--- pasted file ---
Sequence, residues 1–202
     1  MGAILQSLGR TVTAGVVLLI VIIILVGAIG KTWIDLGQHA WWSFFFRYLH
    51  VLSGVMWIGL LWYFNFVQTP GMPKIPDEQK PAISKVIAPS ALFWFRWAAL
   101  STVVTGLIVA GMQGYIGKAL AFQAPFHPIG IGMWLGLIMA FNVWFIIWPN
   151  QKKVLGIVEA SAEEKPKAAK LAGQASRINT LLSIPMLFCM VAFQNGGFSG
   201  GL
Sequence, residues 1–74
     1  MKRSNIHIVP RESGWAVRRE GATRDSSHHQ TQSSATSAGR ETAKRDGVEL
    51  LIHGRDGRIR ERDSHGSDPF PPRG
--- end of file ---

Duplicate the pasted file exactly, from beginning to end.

Sequence, residues 1–202
     1  MGAILQSLGR TVTAGVVLLI VIIILVGAIG KTWIDLGQHA WWSFFFRYLH
    51  VLSGVMWIGL LWYFNFVQTP GMPKIPDEQK PAISKVIAPS ALFWFRWAAL
   101  STVVTGLIVA GMQGYIGKAL AFQAPFHPIG IGMWLGLIMA FNVWFIIWPN
   151  QKKVLGIVEA SAEEKPKAAK LAGQASRINT LLSIPMLFCM VAFQNGGFSG
   201  GL
Sequence, residues 1–74
     1  MKRSNIHIVP RESGWAVRRE GATRDSSHHQ TQSSATSAGR ETAKRDGVEL
    51  LIHGRDGRIR ERDSHGSDPF PPRG